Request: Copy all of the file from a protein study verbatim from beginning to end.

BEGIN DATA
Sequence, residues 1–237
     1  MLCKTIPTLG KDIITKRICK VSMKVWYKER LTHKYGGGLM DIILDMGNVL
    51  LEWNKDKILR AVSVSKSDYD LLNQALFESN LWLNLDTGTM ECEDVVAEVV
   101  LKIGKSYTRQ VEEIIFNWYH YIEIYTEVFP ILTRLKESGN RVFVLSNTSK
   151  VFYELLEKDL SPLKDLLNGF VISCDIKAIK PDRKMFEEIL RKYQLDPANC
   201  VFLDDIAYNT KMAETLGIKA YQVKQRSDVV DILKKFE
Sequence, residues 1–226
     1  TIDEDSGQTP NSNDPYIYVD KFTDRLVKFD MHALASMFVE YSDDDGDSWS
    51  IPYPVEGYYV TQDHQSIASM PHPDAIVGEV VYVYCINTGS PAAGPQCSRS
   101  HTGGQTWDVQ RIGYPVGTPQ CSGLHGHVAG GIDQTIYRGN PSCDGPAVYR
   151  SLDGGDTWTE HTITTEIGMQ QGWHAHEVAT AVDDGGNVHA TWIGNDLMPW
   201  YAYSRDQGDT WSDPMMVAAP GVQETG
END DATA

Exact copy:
Sequence, residues 1–237
     1  MLCKTIPTLG KDIITKRICK VSMKVWYKER LTHKYGGGLM DIILDMGNVL
    51  LEWNKDKILR AVSVSKSDYD LLNQALFESN LWLNLDTGTM ECEDVVAEVV
   101  LKIGKSYTRQ VEEIIFNWYH YIEIYTEVFP ILTRLKESGN RVFVLSNTSK
   151  VFYELLEKDL SPLKDLLNGF VISCDIKAIK PDRKMFEEIL RKYQLDPANC
   201  VFLDDIAYNT KMAETLGIKA YQVKQRSDVV DILKKFE
Sequence, residues 1–226
     1  TIDEDSGQTP NSNDPYIYVD KFTDRLVKFD MHALASMFVE YSDDDGDSWS
    51  IPYPVEGYYV TQDHQSIASM PHPDAIVGEV VYVYCINTGS PAAGPQCSRS
   101  HTGGQTWDVQ RIGYPVGTPQ CSGLHGHVAG GIDQTIYRGN PSCDGPAVYR
   151  SLDGGDTWTE HTITTEIGMQ QGWHAHEVAT AVDDGGNVHA TWIGNDLMPW
   201  YAYSRDQGDT WSDPMMVAAP GVQETG